• Strong food safety control;


• higher quality due to less damage to birds;
Floor housing: birds
• better welfare;
are raised on the
• easier to handle and manage flocks;
floor covered with
• low maintenance equipment;
wood shavings or
• better ventilation and lighting;
straw
• additional cost of shavings or straw to collect
Broiler housing litter.
2
technology
• Higher yields per square meter;
Cage housing: birds • higher food safety risks;
are raised in cages • intensive labour and technology;
built on several levels • high maintenance of climate control;
• higher rates of damaged birds.

• Best for disease prevention;


All-in all-out: houses
• allow better flock management and
are built by zones
performance;
for complete zone
• provide savings on livability and yield;
Grow-out cleaning
• require additional investment in housing.
3 (rearing) technology
planning Continuous cycle: no • No need for additional capital construction;
free time between • prevent full cleaning of production areas;
houses cleaning in • cause disease retransmission;
zones • affect flock performance.

• Low cost of equipment and of production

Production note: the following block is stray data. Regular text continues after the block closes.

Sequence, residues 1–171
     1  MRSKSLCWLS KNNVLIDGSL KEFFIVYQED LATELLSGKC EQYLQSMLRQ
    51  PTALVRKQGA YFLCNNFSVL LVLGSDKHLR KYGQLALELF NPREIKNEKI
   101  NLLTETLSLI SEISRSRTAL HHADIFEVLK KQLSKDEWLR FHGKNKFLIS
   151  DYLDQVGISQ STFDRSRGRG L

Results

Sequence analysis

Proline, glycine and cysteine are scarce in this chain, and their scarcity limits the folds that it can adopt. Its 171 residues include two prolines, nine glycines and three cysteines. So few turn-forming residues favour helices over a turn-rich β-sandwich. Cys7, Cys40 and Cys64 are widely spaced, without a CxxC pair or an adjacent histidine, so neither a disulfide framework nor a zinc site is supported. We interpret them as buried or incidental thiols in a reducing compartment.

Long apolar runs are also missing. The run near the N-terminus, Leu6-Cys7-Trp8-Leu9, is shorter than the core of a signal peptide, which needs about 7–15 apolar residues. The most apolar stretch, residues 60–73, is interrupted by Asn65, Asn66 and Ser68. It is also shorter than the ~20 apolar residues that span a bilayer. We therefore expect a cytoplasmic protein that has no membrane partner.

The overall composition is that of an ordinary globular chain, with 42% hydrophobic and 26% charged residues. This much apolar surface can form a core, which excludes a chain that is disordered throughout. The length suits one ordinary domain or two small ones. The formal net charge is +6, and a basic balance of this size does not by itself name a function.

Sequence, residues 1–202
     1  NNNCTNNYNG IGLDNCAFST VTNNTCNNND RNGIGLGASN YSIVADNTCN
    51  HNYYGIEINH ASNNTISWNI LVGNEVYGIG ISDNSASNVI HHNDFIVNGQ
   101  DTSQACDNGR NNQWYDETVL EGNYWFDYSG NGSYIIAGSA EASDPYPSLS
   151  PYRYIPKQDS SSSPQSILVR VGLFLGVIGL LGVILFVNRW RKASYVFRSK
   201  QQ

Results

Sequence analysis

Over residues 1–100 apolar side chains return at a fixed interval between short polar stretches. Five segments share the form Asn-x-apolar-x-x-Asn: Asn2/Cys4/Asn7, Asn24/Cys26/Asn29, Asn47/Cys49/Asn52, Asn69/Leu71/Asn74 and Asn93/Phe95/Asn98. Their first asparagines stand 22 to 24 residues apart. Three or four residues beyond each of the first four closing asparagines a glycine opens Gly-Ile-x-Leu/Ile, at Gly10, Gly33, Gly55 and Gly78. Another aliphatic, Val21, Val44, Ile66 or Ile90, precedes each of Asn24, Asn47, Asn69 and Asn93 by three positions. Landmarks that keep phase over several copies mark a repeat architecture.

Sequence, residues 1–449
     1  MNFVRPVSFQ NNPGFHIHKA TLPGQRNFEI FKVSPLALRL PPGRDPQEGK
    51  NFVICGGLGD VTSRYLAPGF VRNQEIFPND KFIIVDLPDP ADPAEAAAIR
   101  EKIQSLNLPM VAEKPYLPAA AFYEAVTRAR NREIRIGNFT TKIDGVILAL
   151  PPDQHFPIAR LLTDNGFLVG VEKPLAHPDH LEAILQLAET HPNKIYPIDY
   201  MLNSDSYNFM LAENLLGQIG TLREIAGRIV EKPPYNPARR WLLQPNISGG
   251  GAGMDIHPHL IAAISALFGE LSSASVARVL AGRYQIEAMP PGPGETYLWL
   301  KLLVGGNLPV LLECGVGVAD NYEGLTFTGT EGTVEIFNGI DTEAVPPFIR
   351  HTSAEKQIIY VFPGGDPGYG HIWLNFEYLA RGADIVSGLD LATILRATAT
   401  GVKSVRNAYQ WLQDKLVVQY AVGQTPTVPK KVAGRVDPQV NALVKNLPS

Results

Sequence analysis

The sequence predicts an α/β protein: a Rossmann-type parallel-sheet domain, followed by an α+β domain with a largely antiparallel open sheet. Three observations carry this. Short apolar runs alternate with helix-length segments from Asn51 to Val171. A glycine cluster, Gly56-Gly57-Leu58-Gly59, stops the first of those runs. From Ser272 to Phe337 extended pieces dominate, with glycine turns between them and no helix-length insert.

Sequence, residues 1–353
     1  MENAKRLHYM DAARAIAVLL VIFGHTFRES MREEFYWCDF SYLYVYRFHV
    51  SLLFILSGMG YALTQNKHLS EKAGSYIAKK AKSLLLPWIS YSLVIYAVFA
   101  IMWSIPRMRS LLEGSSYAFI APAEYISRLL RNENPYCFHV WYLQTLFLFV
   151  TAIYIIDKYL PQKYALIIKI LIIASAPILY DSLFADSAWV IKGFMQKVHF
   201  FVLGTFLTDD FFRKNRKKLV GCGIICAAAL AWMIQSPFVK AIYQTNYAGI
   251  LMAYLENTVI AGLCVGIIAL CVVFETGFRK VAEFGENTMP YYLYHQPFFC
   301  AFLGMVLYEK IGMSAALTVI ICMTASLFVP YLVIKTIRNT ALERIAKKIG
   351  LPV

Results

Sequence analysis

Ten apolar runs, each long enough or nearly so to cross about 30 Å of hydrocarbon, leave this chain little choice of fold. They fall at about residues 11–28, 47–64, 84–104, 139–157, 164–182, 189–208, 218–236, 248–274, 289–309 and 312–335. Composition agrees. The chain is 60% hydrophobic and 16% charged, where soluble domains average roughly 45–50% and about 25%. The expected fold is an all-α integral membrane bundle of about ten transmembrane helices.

Old technology:
process;
Feed mash – crushed
• high losses of feed;
grains
• low feed conversion.
Feed type / feed
4
plant • Capacity to produce several feed recipes;
• good feed conversion;
New technology:
• minimal waste of feed throughout production
pelleted heat-treated
chain;
combined feeds
• consistently ensured quality, higher food
safety.

• Good local availability;


Local genetics
• high maintenance;
(both Russian and
• inconsistent performance;
Western breeds)
• tainted with various diseases.
5 Genetics
• Most productive breeds from best genetic
centers;
Foreign genetics
• have good service from breed suppliers;
(supplied from
• risk of non-delivery for various reasons;
abroad)
• higher hatchability and fertility;
• require complicated vaccination programmes.

141
Item Technology Description

• High cost savings on labour, packaging,


Prime processing
energy, equipment, infrastructure and
(slaughter and
marketing;
evisceration)
• no added value.
6 Processing
• Added value on basic product;
Full processing • higher yield;
(including cut-up, • wide product range;
further processing • better marketing prospects;
and packaging) • additional expenses on equipment and staff;
• higher technological risks.